by Mary Shelley which is celebrating its 200th anniversary this year and if anything, is growing in popularity and in prescience, there has long been a contentious question as to why Victor Frankenstein rejects his creation so utterly and so completely.
The creation of a new life by artificial means using the biotechnology available to him in the 19th-century, is his life’s work.
Both creations function as a mirror for self-examination and self-questioning.
Deckard’s doubts about the ‘ethics’ of his profession come to fruition through Batty’s presence.
FRANKENSTEIN: Shelley also uses the Monster’s narrative as a means of critiquing her own society.
The daemon represents the oppressed class in society, and thus both the French revolutionary mob and the English industrial working class.
The fact that he is also ‘deformed and loathsome’ puts him in an even more rejected position – that of a ‘monster, a blot upon the earth’.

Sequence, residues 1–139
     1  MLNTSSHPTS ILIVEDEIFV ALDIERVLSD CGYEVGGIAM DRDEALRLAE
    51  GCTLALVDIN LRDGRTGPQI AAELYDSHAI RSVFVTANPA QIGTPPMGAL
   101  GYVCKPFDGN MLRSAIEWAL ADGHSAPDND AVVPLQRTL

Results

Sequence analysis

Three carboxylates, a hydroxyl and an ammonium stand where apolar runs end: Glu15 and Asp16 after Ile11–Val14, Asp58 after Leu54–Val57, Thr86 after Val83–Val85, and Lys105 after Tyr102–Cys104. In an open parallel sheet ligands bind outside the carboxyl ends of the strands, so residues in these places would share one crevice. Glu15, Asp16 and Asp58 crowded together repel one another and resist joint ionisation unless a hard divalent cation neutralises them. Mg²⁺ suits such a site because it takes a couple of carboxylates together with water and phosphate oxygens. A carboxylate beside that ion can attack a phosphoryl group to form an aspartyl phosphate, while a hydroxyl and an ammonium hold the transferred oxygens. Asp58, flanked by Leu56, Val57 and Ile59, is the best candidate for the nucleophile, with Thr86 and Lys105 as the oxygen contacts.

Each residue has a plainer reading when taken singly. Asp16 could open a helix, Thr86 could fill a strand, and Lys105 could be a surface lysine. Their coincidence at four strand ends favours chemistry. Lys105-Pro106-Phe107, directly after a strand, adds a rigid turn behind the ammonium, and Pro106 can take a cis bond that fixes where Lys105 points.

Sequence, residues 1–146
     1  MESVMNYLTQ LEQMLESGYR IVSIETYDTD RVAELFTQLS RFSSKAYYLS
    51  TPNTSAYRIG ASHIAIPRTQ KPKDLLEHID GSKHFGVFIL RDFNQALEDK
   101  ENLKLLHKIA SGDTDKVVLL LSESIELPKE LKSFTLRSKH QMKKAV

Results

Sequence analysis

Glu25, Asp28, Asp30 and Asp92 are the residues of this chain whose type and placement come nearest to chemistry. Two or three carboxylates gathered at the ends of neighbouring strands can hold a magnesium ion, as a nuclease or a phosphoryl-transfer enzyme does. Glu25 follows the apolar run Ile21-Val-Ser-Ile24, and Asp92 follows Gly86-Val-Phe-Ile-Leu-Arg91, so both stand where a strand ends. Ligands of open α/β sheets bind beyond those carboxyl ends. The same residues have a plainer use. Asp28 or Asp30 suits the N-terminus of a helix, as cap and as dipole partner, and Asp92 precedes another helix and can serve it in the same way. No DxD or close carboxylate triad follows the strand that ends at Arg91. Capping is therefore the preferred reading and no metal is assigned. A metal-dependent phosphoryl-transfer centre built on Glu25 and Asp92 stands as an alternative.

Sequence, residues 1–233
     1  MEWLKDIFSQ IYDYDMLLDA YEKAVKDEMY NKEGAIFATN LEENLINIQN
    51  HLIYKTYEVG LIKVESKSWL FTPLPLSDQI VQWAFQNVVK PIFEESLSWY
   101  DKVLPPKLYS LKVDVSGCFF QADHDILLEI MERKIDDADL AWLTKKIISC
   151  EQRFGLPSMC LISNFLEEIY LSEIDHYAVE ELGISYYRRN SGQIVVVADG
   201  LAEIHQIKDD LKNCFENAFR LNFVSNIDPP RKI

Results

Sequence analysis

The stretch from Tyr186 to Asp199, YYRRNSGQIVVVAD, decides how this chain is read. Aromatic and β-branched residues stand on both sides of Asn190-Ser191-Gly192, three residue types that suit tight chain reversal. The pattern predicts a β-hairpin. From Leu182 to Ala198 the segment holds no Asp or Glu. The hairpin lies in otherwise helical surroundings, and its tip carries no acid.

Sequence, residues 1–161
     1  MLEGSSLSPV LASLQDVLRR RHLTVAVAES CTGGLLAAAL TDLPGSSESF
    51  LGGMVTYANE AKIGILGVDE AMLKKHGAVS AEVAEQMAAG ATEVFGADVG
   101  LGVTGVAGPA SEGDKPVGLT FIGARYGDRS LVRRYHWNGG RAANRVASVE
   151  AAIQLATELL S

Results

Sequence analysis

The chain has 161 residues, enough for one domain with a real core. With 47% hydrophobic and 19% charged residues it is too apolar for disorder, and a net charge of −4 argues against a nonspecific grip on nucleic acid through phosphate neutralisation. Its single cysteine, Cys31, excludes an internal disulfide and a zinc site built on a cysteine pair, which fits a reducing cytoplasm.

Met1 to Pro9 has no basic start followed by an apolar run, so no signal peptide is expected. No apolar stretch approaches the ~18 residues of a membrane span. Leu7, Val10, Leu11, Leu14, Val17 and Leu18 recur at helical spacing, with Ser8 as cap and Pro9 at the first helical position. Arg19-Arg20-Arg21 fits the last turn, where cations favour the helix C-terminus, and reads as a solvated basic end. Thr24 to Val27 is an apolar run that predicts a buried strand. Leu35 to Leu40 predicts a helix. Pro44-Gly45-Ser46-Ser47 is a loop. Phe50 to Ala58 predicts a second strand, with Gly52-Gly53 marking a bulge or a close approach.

There are further parallels between the monster and the oppression he represents, that is the impact of the industrial development on Shelley’s society.
Huge factories, black dust and fire and noise, ugly towns and slum dwellings inhabited by blackened faces epitomises the appearance of industry.
Walton in his middle-class response says, ‘Never did I behold a vision so horrible.’ In Frankenstein, society is depicted as sick or in decline, the depiction of machines, factories, furnaces and mills as hellish places filled with devilish scientific fires and engines echo the images played out in Blade Runner, in the film these images are accompanied by a soundtrack that serves as an unobtrusive background to help set the mood of the decline established in Frankenstein.